Boom in rail travel is welcome but it’s not all good news for stations in Scotland

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RAIL travel is indeed booming all over the Scottish network (“A tale of two stations,” The Scotsman, 20 January).

However, the steep demise at Culrain on the Far North line is totally due to the sad closure of the adjacent Carbisdale Castle, one of the most iconic hostels in the world

There is little local traffic to serve Culrain but slightly further seaward is Ardgay, formerly Bonar Bridge station, and that has seen a 300 per cent increase since the introduction of two morning commuter services to Dingwall and Inverness

It should be remembered that the first “year” of stations like Howwood and Dalgety Bay was only a part-year, so this has somewhat skewed the yearly increase.

This should not detract from their amazing success, along with all the stations on the reopened Border Railway.

Colin C Maclean

Hillpark Avenue, Edinburgh

Andrew Allen, policy analyst of the Campaign for Better Transport, rightly highlights the enormous increase in train use over the last two decades.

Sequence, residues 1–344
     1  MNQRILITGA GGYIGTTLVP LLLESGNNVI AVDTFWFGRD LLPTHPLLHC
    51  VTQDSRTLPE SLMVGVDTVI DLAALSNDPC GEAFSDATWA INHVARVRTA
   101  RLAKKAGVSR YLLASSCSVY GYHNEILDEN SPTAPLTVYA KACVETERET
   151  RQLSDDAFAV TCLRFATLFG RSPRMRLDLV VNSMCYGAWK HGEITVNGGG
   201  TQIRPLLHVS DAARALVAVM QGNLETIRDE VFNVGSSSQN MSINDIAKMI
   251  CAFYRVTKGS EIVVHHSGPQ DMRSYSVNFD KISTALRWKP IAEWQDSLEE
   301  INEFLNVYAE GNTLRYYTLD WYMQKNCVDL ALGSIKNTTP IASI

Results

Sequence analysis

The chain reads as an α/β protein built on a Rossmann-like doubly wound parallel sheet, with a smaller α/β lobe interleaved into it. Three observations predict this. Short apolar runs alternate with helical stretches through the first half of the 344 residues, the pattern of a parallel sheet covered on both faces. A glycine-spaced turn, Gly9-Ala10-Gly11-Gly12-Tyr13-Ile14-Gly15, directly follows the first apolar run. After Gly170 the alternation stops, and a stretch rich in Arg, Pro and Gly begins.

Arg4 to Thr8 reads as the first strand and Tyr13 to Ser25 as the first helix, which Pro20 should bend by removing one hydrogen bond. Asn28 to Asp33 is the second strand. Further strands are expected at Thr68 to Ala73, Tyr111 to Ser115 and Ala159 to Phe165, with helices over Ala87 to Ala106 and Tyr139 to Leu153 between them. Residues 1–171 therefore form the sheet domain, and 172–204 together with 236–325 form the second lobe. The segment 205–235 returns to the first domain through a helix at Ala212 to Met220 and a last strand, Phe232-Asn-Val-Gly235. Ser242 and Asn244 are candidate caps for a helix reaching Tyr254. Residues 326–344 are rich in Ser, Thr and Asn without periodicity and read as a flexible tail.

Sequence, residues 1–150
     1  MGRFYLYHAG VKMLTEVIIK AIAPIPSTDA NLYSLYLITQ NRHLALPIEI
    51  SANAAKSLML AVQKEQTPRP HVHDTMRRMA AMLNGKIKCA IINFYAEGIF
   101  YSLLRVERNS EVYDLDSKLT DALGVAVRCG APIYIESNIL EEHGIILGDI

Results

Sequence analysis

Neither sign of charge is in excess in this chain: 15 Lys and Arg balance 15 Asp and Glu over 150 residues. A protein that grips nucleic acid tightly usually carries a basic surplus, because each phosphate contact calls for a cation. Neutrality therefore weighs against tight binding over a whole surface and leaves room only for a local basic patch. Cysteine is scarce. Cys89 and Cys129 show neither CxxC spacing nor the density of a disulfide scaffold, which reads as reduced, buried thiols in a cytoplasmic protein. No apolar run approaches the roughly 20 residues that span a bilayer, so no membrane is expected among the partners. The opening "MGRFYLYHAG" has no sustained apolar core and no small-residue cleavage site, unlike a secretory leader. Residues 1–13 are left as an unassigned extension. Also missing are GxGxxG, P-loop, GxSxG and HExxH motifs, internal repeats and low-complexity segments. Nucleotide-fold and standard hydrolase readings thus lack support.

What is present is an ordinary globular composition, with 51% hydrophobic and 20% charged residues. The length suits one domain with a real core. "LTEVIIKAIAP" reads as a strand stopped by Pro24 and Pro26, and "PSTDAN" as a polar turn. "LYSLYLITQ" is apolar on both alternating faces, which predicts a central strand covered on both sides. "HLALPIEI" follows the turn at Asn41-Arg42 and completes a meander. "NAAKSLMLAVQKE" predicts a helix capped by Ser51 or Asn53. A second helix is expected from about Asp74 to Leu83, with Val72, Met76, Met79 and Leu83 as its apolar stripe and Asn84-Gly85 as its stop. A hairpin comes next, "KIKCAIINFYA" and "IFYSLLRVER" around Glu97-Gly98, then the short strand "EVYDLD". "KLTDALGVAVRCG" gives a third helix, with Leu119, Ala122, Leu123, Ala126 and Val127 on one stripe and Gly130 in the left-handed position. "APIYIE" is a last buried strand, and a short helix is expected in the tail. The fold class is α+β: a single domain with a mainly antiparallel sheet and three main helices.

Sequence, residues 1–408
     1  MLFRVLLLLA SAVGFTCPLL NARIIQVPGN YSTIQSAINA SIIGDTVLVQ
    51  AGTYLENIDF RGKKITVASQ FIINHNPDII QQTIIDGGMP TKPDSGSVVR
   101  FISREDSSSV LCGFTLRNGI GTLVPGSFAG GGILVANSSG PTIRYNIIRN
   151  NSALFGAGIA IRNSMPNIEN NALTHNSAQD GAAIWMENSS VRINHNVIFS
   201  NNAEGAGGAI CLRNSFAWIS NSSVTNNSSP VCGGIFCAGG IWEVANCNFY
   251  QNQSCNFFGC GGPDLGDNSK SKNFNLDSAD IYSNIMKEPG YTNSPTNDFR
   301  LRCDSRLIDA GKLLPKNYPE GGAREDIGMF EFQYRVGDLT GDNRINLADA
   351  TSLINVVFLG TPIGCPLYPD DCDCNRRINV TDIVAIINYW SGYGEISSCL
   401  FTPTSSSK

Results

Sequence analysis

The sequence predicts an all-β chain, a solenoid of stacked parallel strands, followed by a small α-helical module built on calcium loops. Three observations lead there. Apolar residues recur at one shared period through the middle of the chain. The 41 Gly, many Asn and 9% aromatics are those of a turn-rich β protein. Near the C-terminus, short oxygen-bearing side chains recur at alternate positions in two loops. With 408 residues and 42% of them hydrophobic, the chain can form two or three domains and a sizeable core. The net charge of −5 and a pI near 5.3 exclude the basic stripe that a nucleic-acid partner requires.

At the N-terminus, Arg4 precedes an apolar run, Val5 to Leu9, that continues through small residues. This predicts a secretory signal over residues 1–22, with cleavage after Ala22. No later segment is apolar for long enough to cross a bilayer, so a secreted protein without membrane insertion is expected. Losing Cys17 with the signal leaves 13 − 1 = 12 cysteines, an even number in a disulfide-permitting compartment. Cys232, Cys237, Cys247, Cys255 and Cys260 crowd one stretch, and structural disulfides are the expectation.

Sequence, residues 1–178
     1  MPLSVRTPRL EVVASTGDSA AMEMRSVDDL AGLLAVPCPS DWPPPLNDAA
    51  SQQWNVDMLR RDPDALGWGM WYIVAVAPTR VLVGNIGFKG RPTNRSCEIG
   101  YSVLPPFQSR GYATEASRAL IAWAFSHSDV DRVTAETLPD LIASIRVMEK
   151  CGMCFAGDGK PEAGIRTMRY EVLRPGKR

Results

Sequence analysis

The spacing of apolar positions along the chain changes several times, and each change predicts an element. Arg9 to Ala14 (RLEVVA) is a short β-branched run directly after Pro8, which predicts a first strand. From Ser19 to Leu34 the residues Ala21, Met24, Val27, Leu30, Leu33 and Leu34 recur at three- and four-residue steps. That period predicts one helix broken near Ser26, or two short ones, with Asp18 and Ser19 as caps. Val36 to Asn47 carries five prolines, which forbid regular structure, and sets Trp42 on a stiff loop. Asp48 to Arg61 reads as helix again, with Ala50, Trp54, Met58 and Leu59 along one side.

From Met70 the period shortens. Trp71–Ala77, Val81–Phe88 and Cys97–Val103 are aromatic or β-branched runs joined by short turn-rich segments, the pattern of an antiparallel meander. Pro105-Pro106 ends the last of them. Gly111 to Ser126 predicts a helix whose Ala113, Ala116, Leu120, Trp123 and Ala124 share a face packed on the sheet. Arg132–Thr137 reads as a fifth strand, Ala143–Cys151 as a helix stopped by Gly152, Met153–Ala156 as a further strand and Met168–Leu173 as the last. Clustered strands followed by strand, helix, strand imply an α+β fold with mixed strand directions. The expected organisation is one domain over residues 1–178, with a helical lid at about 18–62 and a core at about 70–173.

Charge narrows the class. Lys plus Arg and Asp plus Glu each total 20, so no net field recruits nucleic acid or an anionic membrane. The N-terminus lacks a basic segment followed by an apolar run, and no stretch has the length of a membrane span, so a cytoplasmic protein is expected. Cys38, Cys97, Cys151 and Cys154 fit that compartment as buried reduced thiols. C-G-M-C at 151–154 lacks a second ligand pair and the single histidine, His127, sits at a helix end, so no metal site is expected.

Growth in use has been nothing less than phenomenal. The surprising factor is that this growth has occurred in spite of Scotland being cursed by use of the poorest quality long-distance trains in Europe, plus commuter trains that are short, few, inadequate and quite unable to cope with green transport such as bikes, never mind actual passengers.

ScotRail Alliance, that curious hybrid body encompassing train operator Abellio and Network Rail in Scotland, sprinkles fairy dust on the problem through a platitudinous statement that Abellio, Network Rail and (also, one assumes) Transport Scotland) are “addressing (the issue) through the franchise”.

No, I haven’t a clue either what’s meant by those words. But what I do know is that there would have to be a massive train-building programme started this very day if we are to have any hope at all of having enough seats on trains to support the number of passengers wanting to travel by train.

The disgraceful state of affairs of train shortages is met by heads-in-the-sand from Abellio and Transport Scotland.

Train quality is quite another matter, and we in Scotland are stuck with the disgraceful situation that what should be premier long-distance routes, such as Glasgow and Edinburgh to Aberdeen and Inverness, are covered by “steel boxes” (source: Phil Verster, managing director, ScotRail Alliance).

It is an uncomfortable fact of life that in 21st-century Scotland we do not possess a single train fit for purpose. This is one tunnel in which I see no light at the end, except that with train shortages, we’re now heading for the same train-packing that so recently afflicted rail travellers across the Forth Bridge.

Gordon Casely

Crathes, Kincardineshire

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